Apr 27 2021

Obituary: Selma Gürbüz (1960–2021)

by Cassie Kaixin Liu

Portrait of SELMARBUZ. Image via the artist’s Instagram.

On April 22, the acclaimed Turkish artist Selma Gürbüz passed away in Istanbul due to complications from Covid-19, aged 61. She was recognized for melding myths and visual inspirations from across the world to probe interculturally shared life experiences, and often reflected on humanity’s relationship with nature in the paintings, drawings, sculptures, installations, and videos created over her nearly-40-year-long career. In celebration of her practice, “This Place We Call World,” an ongoing exhibition of more than 100 works by Gürbüz, had opened at Istanbul Modern on November 5, 2020, before she became ill.

Born in Istanbul in 1960, Gürbüz studied at the Exeter College of Art Design in the United Kingdom in 1980–82 before returning to Turkey to complete her degree at Marmara University in 1984. Since the early days of her career, her works have starred animals, from a pair of semi-abstract cats in the acrylic painting Karakediler (1991) to the goats in The Night (2005), rendered in gouache on handmade paper. These all-black figures stem from Gürbüz’s interest in shadow-puppet theater, an art form in Turkey, China, Japan, and Indonesia that she would continue to draw from throughout her life. For the inaugural Gwangju Biennale in 1995, she staged her own Shadow Play, creating a puppet out of paper pulp.

Installation view of SELMARBUZ’s “This Place We Call World” at the Istanbul Modern, 2020–21. Courtesy Istanbul Modern.

Hybrid figures, such as the mythical tree-human creature in Tree Woman (2019), seen at “This Place We Call World,” also recur throughout her paintings. Blurring the boundaries between human and non-human beings and centering the power of mother nature became increasingly important to Gürbüz. She explained to Art Dog Istanbul earlier in 2021, “It frightens me that we are preparing our demise with our own hands by destroying the nature that we do not own to begin with. We do not only determine our own fate; we are also shattering natural states that are millions of years old, the ecological balance that creates life on earth, its animals and plants.”

Another key concern of the artist was womanhood. Female figures are highlighted in paintings such as Ad Gloriam (2016), of a bow-and-arrow-wielding warrior whose dress is comprised of clover patterns, and Serpentine (2011), of a woman behind tentacular vines. As Gürbüz explained to Global Voices, the figures are projections of the artist herself. “These women see nature in its tiniest details, they study it, paint it, and wish to be consumed by it: to be lost in nature. It is this courage that gives them the power to be free.” More recently, prompted by trips to Africa, the artist became fascinated with Maasai women, whose experiences opened up “new cycles, new stories” and led to an ink-on-paper painting featuring floating, crying faces recalling African masks. Titled Take Care of Each Other (2020), the work is “an ironic appeal [to the audience], a wish to not be blind, deaf, and mute towards that pain,” Gürbüz said in her interview for Art Dog.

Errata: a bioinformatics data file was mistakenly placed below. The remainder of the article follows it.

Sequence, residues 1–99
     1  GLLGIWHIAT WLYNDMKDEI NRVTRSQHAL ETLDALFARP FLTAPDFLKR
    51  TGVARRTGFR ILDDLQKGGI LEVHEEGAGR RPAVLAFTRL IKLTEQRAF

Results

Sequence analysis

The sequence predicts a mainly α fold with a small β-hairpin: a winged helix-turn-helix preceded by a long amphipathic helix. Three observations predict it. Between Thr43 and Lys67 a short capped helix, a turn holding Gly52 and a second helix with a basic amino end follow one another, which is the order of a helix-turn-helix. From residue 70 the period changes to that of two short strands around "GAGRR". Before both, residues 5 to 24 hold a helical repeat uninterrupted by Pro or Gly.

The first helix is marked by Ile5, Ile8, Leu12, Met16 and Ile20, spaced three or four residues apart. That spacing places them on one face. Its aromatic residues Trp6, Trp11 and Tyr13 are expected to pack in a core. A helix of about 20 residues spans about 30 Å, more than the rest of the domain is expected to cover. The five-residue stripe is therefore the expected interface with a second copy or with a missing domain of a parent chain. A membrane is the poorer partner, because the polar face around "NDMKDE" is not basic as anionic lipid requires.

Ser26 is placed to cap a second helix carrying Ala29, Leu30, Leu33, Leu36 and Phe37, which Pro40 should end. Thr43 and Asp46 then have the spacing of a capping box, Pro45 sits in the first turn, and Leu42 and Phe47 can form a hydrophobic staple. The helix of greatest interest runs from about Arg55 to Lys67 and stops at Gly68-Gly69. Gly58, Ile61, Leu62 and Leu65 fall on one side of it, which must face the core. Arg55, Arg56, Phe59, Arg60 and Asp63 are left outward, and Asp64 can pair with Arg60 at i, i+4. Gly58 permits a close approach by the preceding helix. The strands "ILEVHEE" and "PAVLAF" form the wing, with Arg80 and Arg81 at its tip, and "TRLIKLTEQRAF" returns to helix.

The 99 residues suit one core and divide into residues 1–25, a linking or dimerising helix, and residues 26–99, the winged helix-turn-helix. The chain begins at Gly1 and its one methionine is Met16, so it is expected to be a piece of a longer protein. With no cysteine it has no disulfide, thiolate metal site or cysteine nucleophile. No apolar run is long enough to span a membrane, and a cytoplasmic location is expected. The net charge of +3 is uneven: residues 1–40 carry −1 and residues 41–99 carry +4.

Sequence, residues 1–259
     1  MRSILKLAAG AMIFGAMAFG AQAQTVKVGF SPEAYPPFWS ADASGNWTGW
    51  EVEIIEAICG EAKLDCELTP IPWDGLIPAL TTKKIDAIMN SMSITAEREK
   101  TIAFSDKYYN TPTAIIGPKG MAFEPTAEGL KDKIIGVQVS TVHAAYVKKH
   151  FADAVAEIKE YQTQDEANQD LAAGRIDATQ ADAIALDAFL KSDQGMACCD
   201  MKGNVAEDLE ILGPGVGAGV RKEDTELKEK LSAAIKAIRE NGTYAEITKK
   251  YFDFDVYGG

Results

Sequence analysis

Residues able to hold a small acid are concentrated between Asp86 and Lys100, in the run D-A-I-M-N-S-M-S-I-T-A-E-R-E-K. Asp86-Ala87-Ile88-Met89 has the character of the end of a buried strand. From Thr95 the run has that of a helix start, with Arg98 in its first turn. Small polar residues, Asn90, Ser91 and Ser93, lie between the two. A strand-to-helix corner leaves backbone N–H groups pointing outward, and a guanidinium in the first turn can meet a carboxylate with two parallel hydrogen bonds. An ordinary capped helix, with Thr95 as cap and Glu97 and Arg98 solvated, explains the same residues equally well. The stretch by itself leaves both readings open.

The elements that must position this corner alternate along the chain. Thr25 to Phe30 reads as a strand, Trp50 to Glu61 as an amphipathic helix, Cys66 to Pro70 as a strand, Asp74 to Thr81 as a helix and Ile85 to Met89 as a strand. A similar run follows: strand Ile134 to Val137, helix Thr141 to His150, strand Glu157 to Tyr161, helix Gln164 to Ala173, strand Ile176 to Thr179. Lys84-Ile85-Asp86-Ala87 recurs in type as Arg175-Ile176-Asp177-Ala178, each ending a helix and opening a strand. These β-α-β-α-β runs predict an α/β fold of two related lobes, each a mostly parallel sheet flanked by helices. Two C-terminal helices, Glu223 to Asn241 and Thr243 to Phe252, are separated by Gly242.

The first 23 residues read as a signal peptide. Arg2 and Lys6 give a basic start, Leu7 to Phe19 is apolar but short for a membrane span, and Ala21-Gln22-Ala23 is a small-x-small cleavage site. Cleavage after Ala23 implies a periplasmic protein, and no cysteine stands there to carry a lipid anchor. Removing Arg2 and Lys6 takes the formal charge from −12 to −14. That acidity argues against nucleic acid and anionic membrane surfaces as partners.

Throughout her lifetime, Gürbüz exhibited extensively around the world, including in solo and group exhibitions in Turkey, France, the United Kingdom, Japan, Korea, and the United Arab Emirates. Her works are held in the collections of London’s British Museum, Paris’s Fondation Maeght, Santral Istanbul, Istanbul Bilgi University, Istanbul Modern’s Project 4L, and the State Painting and Sculpture Museum in Ankara. In addition to her fine art practice, Gürbüz designed sets and installations for films and theater productions, such as at Portside Gallery, Yokohama, and at Centre Pompidou’s Revues Parlées in Paris. She worked as the artistic director of Ömer Kavur’s films Akrebin Yolculuğu and Karşılash in 1997 and 2002, respectively.

Cassie Liu is editorial assistant at ArtAsiaPacific.

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